Unfortunately, stories of inappropriate relationships between teachers and students continue to make headlines across the state. Only a tiny fraction of Texas educators engage in inappropriate relationships, but these stories nonetheless inspired Texas legislators to pass Senate Bill 7 (SB7). Already signed by the governor, SB7 strengthens existing laws against inappropriate teacher-student relationships and creates new penalties for administrators who do not appropriately report allegations.
What Does SB7 Do?
Simply put, SB7 broadens the scope of the law. Existing law made improper sexual relationships between an educator and a student enrolled in the educator’s district a felony. SB7 amends that statute to criminalize improper relationships between all educators and students—regardless of whether they are in the same district.
SB7 also extends the duty to report allegations to principals. This change was made to prevent educators from avoiding penalties for inappropriate activity by simply changing districts. Previously, only superintendents had a legal obligation to report an allegation of inappropriate contact with a student. Under SB7, a principal must notify the superintendent within seven days of becoming aware:
- that an educator has resigned or had employment terminated following allegations of inappropriate contact with a student (and other types of serious misconduct); or
- of an educator’s criminal record.
SB7 also creates harsher penalties for failure to report allegations or a prior record of misconduct. Superintendents and principals who fail to make required reports may receive an administrative sanction of up to $10,000. Additionally, if it is found that either administrator intentionally concealed the educator’s misconduct, that administrator may be charged with a state jail felony.
Additionally, SB7 requires certified professionals applying to new positions to submit a pre-employment affidavit disclosing whether they have ever been charged with having an inappropriate relationship with a minor. If the charge was determined to be false, the applicant can still be considered for the position. However, if an administrator is aware that an applicant has been convicted of having an inappropriate relationship with a student and employs the applicant despite this knowledge, the administrator’s certificate may be revoked.
The bill allows the board to suspend or even revoke the certificate of any educator who assists another person in obtaining employment at a school district if the educator knows that person has previously engaged in sexual misconduct with a minor student. Note that whether there was an actual conviction or charge is irrelevant. What matters is that the person who helped the educator find employment had knowledge of the sexual misconduct. The bill notes that the routine transmission of administrative files (such as a service records) would not count as assistance for these purposes. It is more likely that lawmakers meant to deter certified employees and administrators from providing good references or recommendations for someone who has been charged with misconduct.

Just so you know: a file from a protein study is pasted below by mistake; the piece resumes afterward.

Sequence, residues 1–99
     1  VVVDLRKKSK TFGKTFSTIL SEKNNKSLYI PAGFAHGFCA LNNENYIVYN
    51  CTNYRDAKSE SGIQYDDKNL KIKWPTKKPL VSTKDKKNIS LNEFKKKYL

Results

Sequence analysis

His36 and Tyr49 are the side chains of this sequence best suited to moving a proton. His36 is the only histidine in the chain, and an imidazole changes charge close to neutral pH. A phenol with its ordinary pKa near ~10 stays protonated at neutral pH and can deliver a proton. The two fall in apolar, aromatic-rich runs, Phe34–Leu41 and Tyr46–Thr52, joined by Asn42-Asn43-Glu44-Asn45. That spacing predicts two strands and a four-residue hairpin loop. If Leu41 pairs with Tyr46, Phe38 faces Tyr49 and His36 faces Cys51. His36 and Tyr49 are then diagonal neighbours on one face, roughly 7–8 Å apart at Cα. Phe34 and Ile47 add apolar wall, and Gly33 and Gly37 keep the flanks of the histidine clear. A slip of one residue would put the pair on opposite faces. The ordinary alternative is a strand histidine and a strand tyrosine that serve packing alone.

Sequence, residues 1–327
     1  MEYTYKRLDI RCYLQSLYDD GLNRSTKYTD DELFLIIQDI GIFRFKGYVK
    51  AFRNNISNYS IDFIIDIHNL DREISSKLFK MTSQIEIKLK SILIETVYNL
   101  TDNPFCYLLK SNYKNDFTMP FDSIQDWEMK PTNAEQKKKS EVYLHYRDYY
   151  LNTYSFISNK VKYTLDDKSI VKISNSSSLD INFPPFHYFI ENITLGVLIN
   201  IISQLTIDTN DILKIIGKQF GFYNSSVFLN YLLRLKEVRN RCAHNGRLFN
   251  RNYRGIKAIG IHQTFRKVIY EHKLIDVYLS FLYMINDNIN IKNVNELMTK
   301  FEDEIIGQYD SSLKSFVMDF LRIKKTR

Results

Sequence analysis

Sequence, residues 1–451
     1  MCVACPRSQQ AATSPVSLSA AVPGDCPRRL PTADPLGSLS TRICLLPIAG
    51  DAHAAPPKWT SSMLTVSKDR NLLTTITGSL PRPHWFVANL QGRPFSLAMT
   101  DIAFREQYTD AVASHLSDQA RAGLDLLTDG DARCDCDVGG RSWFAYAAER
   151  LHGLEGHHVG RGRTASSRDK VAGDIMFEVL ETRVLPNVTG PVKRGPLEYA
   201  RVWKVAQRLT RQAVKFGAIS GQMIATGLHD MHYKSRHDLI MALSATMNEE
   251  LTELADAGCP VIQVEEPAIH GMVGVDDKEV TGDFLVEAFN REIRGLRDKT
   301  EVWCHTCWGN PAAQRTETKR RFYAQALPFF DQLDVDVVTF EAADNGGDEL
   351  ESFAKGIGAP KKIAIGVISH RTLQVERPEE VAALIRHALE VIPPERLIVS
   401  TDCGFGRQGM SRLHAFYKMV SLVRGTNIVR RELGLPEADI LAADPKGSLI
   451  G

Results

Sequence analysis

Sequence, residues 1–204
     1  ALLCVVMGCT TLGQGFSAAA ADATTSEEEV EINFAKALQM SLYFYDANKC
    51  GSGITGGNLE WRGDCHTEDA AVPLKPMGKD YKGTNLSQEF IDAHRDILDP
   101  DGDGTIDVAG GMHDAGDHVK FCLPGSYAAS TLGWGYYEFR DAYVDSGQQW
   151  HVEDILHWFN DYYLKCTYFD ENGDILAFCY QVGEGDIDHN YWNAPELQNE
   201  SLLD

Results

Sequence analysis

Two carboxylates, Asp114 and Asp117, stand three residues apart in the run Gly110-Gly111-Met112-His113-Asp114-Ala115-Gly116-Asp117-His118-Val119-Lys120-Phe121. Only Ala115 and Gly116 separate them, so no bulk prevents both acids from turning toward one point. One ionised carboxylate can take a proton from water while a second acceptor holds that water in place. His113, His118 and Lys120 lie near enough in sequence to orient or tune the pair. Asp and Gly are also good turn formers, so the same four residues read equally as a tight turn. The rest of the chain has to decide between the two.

Administrators should consult their district if they have questions as to whether a report should be made on an educator. The circumstances that must be reported are narrowly defined, but with SB7’s new penalties for failure to report, the stakes are high. And, with a seven-day deadline, time is of the essence.
Loss of Retirement
Finally, SB7 adds a particularly significant penalty for educators convicted of engaging in a sexual relationship with a student—loss of their TRS pension. Under the new law, an improper sexual relationship between an educator and a student could render a convicted educator ineligible to receive retirement benefits if the offense was committed while the educator was employed and participating in the Texas Teacher Retirement System. Because of efforts made by the ATPE lobby team and others, changes were made before the law was passed to ensure that only the state’s contribution would be forfeited. ATPE also worked hard to ensure that the retirement funds would still be accessible to the educator’s family in certain circumstances. The final version of the bill allows a judge to determine whether the educator’s family can still receive the pension benefits.